Paying the Penalty

Monday 23rd November 2015

In a season that gives a sense of ‘stuttering’ rather than ‘motoring’ it feels strange that we are only a couple of points from the very summit of English football. We could and should have been at the very top, even now after the dust has settled on Saturday afternoon’s disappointment but even though it was definitely one of ‘those’ days where everything works against you, we took nothing from a game we definitely should have won.

For today’s corresponding nostalgia trip I’m taking you back to April 1971 and a huge match at The Hawthorns. An O.G and a goal from captain Frank Mclintock secured what was to be an absolutely crucial point with just 3 league matches remaining.

44 odd years ago....

44 odd years ago….

Those of an age to remember that season have plenty of stories to tell and rightly so it what was a momentous time in the history of our great club. One of those refers to The Baggies’ previous match away at title favourites Leeds United. After not winning away from home for an incredible 16 months and sitting just above the relegation zone the Albion went to Elland Road and won 2-1, a result that had it gone the other way could and probably would have changed our whole history. The amusing part to that story was West Brom’s winner was apparently offside. In fact if you believe some people’s description (especially those from Yorkshire), he was so far offside “feckin’ Usain Bolt wouldn’t have caught him”!

In the matchday programme for our visit and amongst the news that the 1971 ‘Queen of the Clubs’ beauty contest would be taking place at the Tipton Club on Wednesday (surely something that should be re-introduced 😉 ), there is an interesting interview between West Brom captain and a local journo. John Wile said, “I don’t really know what all the fuss is about. Maybe Leeds have some reason to be unhappy about the outcome of the game which was vital to their championship hopes, but whatever else is said, Albion fully deserved to win the game!”

Journo replied’ “My sentiments entirely. I thought Albion created enough chances to have won the match by a four or five goal margin.”

So there we have it. Leeds were rubbish.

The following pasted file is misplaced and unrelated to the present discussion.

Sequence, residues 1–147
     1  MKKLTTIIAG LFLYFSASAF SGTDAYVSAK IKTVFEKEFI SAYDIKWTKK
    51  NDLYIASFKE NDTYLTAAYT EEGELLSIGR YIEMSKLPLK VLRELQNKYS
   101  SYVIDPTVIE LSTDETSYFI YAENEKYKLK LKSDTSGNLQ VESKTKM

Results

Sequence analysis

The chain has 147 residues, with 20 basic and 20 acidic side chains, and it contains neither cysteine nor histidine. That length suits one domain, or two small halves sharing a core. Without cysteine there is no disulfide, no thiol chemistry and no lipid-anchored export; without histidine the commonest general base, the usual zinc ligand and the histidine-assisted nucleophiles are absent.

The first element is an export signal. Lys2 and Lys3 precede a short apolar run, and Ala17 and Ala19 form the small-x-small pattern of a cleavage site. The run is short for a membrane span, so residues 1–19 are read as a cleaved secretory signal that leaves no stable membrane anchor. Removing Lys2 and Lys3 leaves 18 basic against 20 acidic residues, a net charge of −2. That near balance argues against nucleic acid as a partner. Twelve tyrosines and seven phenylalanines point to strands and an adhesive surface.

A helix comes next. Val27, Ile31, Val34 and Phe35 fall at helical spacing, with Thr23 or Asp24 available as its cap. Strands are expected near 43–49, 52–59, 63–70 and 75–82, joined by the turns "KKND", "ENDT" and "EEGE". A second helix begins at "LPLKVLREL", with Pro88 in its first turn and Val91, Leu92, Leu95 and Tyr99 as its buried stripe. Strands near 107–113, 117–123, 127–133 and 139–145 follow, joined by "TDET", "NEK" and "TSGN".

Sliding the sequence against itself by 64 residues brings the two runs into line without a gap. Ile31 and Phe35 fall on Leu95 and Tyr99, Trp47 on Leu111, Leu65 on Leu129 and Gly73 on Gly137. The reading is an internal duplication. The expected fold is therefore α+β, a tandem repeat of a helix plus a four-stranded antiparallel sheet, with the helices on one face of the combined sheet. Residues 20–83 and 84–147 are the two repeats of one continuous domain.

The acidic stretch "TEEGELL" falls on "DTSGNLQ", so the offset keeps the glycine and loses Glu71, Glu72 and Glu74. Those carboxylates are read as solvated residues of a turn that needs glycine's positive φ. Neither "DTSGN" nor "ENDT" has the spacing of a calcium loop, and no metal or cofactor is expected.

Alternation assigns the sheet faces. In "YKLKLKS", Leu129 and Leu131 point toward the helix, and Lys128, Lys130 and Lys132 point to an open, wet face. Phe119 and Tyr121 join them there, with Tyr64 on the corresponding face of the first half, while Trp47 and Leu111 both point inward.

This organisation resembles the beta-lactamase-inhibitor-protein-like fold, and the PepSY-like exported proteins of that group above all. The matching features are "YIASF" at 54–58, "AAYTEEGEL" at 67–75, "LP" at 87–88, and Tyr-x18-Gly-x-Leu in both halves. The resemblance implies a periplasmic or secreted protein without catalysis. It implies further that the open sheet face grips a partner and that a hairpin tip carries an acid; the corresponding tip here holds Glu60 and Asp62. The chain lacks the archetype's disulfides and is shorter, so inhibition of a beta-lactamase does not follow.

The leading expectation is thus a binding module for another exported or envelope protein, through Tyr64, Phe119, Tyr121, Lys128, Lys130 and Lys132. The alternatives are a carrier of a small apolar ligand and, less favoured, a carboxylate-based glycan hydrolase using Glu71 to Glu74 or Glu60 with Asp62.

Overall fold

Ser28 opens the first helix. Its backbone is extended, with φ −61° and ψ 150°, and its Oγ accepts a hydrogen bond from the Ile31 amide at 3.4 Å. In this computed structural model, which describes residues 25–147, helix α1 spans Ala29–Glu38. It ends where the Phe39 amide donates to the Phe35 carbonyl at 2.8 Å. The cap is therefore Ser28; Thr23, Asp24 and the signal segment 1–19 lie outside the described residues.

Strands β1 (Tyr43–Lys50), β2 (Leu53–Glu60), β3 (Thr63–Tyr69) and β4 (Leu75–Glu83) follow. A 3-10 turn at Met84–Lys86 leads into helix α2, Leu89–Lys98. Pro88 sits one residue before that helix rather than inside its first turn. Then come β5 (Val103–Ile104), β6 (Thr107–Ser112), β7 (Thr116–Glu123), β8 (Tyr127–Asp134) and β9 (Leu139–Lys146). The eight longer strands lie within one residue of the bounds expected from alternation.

After we lost at Leeds 2 days later, with 2 games to go (1 in hand on Leeds), our point at The Hawthorns meant if we won them both, whatever Leeds did in their last game, we would be Champions. And the rest, as they say, is history.

Rather than the Leeds (and other) fans always talking about that ‘offside’ incident robbing them of the title there is very little ever said about the fact up to our visit to the Black country that April afternoon we had won our previous 9 games on the bounce, conceding just ONE goal along the way.

And that leads me back to our most recent encounter…..

There are some out there that believe a professional footballer should never miss a penalty. Although I agree to a certain extent, the sheer athleticism of goalkeepers these days and the availability of various kinds of media enabling them to study how every player takes a penalty evens those odds up in the modern game for me. The one thing you cannot allow for however, is if your standing foot slips away from you at the crucial moment. Even the world’s greatest players have experienced that down the years and it is down to nothing but bad luck. Crucially for us on Saturday afternoon, Santi experienced one of those unfortunate moments.

A win would have put the icing on the cake of a very fine weekender. Our usual pre-match haunt was enjoyed in the expected fashion, the sun was shining on a bitterly cold day and we enjoyed a fine night out in Britain’s 2nd city after. The reason and ‘excuse’ for us being there however, was very disappointing and frustrating.

Even though we totally dominated virtually all of the game and came close time and time again, it is the few moments where we conceded goals that concerns and disappoints me. I compare defending to a test match cricket batsman a little bit. You can be in the form of your life and not looking under any threat of losing your wicket for hours on end. Yet one second where you show a lapse of concentration and all your hard work can be undone in an instant. If we are going to challenge for the title this season, it is an element we need to eradicate from our game. And fast.

I can’t help but look back to that 1971 double winning season and that 9 match unbeaten run. 8 times our opponents got nil. That takes among many many things huge concentration along the way. And if The Baggies had got nil on Saturday we would have won. And probably by an even more handsome margin.

Tomorrow night is huge. Whatever our opinion as to whether we are good enough there is no other way to describe it. And I don’t just mean our game. If things go well for us in London N5 and in Munich we still have a chance, hope and probably most importantly, positive momentum.

And we can do our bit as always.

Come on you mighty reds!

Frank
@stubbsy70

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